LETTER: Privatization may be costlier in long run

I am seeking information that would help me to understand this decision.

A conveyor loads laundry at an Interior Health facility. Laundry services are expected to cease at Kootenay Lake Hospital by mid-2017.

A conveyor loads laundry at an Interior Health facility. Laundry services are expected to cease at Kootenay Lake Hospital by mid-2017.

Re: “Nelson hospital laundry to be privatized,” March 4

I am seeking information that would help me to understand this decision. It seems that the service in Nelson was very efficient and economical. I don’t believe that a full cost accounting method has been used to make this decision. What about the cost to the environment because of added trucks on the road?

What about the added cost of supporting displaced workers? What about the cost to our community because of the loss of these jobs? And most importantly what about the cost of this decision to the families of the workers being displaced? My research has shown that private contracts with governments tend to trend much higher in subsequent years, once the contract is in place. I would like a copy of the 20-year contract to determine if in fact the cost of this decision is not going to rise. There is still time to reverse this decision in the next year.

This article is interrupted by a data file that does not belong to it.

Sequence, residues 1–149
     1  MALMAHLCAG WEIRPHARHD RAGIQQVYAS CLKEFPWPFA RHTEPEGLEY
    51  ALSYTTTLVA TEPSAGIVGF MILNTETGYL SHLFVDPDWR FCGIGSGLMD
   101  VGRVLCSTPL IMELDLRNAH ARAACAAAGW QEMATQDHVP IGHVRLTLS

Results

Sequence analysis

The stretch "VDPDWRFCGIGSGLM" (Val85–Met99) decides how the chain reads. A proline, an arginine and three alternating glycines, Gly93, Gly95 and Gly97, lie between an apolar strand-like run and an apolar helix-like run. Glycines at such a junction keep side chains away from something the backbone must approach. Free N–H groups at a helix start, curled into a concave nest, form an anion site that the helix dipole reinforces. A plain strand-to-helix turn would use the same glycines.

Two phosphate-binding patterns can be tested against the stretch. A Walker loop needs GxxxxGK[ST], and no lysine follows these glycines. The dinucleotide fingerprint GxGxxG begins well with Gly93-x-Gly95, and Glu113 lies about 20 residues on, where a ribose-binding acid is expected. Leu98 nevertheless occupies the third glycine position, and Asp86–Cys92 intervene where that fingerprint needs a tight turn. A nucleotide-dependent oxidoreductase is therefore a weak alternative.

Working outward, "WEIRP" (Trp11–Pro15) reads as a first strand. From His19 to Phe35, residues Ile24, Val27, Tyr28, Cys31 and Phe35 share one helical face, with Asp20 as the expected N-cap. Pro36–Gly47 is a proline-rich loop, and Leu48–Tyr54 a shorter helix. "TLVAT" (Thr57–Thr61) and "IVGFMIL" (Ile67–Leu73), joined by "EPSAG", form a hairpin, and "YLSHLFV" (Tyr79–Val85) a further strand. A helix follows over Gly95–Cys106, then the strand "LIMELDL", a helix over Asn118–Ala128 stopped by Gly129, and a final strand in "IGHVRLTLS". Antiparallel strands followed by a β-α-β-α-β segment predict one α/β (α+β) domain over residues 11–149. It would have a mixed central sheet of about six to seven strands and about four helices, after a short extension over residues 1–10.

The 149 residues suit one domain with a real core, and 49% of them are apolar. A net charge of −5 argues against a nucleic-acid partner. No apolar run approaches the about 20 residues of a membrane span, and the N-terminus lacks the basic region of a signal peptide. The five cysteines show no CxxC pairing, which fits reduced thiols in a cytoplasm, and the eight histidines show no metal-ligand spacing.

It would be a tragedy to the workers affected and the people of British Columbia if in fact the cost of this privatization proved in the long run to be more expensive than what is currently in place.

Michael Dailly, Councillor, City of Nelson

 

Nelson Star

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